Recently a good friend of mine gave me a call and asked if I could stop by his shop and help him set up a VPN using Lion Server. He had been trying to set one up for days to no avail. I realized right then what his issue was over the phone, and I also realized that this would be a great opportunity to share some networking concepts required to get VPN up and running in a small business environment. I want to point out I will not be providing a guide to setting up the service on Lion Server since, really, it is as simple as enabling a couple of services, and Apple provides plenty of great documentation to achieve this task. Instead this will be more of an overview of what to expect and how to plan for it.
First, lets take into account the type of network that you’re working with and consider when Lion Server is a good choice. I won’t argue that Lion Server is appropriate for an enterprise-class network. Where Lion Server shines is in a small organization with fewer than 50 computers, preferably Macs. For small businesses or a home office, Lion Server is a very inexpensive alternative to the array of servers, routers, and switches that an enterprise might require, and since it’s a breeze to configure, it’s also a huge time saver.
Let’s consider a general network setup of a home or small business where we would deploy Lion Server. In most cases you will have a network that consists of a modem, router/firewall/Wi-Fi, and in most cases a switch, plus the computers on the network. Adding a VPN to this type of network changes the dynamic significantly. In this configuration, your router/firewall/Wi-Fi is handling the distribution of IP addresses to the computers on your network (DHCP). In order for a VPN to work in a standard environment such as this, it will need to take over the responsibility of distributing IP addresses.
So connect to the network, flip the switch for DHCP and VPN on Lion Server, and we are good to go, right? Not quite, as you have to do a little planning.
First, only one device on your network can be allowed to distribute IP addresses. If the router and Lion Server are both passing out IP addresses, you will run into all sorts of nasty network issues. In order to correct this issue using the above small network example, you need to do a few things.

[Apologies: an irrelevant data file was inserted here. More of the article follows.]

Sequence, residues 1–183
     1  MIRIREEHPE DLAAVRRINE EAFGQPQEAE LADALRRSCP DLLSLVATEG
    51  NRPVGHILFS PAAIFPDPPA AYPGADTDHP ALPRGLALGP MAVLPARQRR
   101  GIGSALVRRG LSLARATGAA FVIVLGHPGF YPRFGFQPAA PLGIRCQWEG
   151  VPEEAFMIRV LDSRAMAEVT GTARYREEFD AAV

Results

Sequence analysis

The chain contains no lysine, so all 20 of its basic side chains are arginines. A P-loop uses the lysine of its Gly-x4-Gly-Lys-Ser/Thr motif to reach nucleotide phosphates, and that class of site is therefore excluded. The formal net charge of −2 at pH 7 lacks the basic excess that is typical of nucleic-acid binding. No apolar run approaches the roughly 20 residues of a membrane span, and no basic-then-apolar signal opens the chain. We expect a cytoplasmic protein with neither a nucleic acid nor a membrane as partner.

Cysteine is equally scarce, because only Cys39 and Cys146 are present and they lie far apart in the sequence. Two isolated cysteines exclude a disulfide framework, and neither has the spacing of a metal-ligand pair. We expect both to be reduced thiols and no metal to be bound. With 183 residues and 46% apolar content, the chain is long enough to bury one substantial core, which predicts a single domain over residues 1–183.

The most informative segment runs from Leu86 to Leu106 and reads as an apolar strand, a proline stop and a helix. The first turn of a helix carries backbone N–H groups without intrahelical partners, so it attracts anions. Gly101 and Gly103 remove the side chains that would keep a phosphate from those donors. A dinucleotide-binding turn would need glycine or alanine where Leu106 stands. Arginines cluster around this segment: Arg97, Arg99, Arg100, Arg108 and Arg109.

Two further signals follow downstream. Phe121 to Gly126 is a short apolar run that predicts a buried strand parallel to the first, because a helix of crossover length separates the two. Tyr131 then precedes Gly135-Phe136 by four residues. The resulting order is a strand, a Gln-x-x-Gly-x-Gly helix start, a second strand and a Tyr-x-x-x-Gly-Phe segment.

- Start by assigning Lion Server a static IP address (See Erik Eckel’s post on “How to configure static IPs in Lion“). This is necessary so that you have IP address to forward your ports to.
- You will need to configure your router to forward all ports related to VPN to the static IP address that you assigned to Lion Server; you will also have to disable DHCP on the router. Depending on the type of router you are using, disabling DHCP and forwarding ports will vary. See your router’s manual to configure these settings or check the router’s corresponding support site. If your using Apple’s AirPort/TimeCapsule you can now manage the router using Lion Server’s Server App. To see how click here.
- Now, assuming you have your Lion Server plugged into your router or a switch, open the new Lion Server App located within the Applications folder and enable the services that you’re going to run including VPN and DHCP. To enable the DHCP server and additional information about the DHCP service click here and for greater detail on setting up VPN click here.
So what’s the best method for deploying a VPN? Well, again I don’t want to get into detail about configuration and setup as it can be an overwhelming topic. Instead what I want you to walk away with here is an understanding as to what services VPN is reliant on and what issues may prevent VPN services from working correctly which could be; (1) your Lion Server hasn’t taken on the role of DHCP server, (2) you’re not forwarding the associated ports for VPN through your router, or (3) Directory Services are not running on or bound to your server.
For more information see Apple’s online documentation found here.